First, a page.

# Magnetic Flux through Solenoid

## Homework Statement

A wire circle of radius 0.050 m is embedded in a solenoid of length 0.20 m with 1000 turns that carries a current of 0.50 A. If a vector that is normal to the plane of the circle makes a 40° angle with the axis of the solenoid, what is the magnetic flux through the loop?

## Homework Equations

B (solenoid) = μ*I*n
Flux = B*A*cosθ

## The Attempt at a Solution

n=1000/.2
I'm using the loops per unit length
l=.20m
r=0.05m
I=0.5A
I plugged in the values to solve for the magnetic field:
B=(4*∏*10^-7)*(0.5A)*(1000/.2)
B=0.031T

A=(∏r^2)*(l)
A=1.5e-4 m^3

I'm having some trouble visualizing the angle, but I think the angle should be 50?

Can someone point me in the right direction?

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Plugged in? You have to do a flux integral.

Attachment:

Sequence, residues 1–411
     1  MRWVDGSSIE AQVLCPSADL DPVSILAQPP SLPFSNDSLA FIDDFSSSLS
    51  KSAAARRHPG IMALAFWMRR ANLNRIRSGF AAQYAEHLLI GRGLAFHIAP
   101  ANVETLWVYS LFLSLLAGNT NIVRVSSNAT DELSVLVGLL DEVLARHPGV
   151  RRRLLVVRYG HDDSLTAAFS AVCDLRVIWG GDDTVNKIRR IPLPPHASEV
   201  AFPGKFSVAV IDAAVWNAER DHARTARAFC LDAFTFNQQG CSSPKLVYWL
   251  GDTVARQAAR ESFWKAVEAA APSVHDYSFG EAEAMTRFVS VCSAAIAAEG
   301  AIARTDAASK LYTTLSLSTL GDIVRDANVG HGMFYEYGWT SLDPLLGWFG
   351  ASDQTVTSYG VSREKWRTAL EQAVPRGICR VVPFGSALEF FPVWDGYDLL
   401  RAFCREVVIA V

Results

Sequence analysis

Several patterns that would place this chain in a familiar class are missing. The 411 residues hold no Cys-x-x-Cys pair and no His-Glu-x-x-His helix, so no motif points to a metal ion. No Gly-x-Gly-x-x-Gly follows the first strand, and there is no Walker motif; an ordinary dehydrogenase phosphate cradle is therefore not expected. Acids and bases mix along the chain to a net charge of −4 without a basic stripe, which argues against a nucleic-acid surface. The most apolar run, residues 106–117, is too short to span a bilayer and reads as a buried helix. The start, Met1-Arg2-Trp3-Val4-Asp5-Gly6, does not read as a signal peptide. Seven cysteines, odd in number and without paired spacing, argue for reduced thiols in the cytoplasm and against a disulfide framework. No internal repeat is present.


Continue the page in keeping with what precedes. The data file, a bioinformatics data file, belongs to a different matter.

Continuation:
the flux If the solenoid points alon an axis, z, the angle between the magnetic field and the circle is still 40deg. So
$\Phi = \int \vec{B}_{solenoid}\cdot d\vec{a} = \int |B_{solenoid}|\cos(\theta) da =|B_{solenoid}|\int \cos(\theta)da$
B goes out in front because it is constant over the circle. So do the surface integral yourself.
I would always suggest to do the solution algebraically first, then insert numbers, and then evaluate your result. Is it realistic and does it diverge at any point.
And always draw your situation, saves a lot of trouble.

Thanks - I'm sure you are correct, but we will not get to integrals until a later section. I would like to get the answer using the tools from this section which are the formulas I listed above.
Thanks again - I should have been more specific with my question.